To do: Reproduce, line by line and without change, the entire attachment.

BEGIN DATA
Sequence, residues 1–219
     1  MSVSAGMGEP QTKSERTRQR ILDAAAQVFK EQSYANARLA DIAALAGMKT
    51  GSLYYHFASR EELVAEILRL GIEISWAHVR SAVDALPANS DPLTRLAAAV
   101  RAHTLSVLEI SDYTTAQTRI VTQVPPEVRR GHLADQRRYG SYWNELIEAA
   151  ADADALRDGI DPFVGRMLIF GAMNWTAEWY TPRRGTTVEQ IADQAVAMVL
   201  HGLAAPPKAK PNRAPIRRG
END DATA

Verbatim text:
Sequence, residues 1–219
     1  MSVSAGMGEP QTKSERTRQR ILDAAAQVFK EQSYANARLA DIAALAGMKT
    51  GSLYYHFASR EELVAEILRL GIEISWAHVR SAVDALPANS DPLTRLAAAV
   101  RAHTLSVLEI SDYTTAQTRI VTQVPPEVRR GHLADQRRYG SYWNELIEAA
   151  ADADALRDGI DPFVGRMLIF GAMNWTAEWY TPRRGTTVEQ IADQAVAMVL
   201  HGLAAPPKAK PNRAPIRRG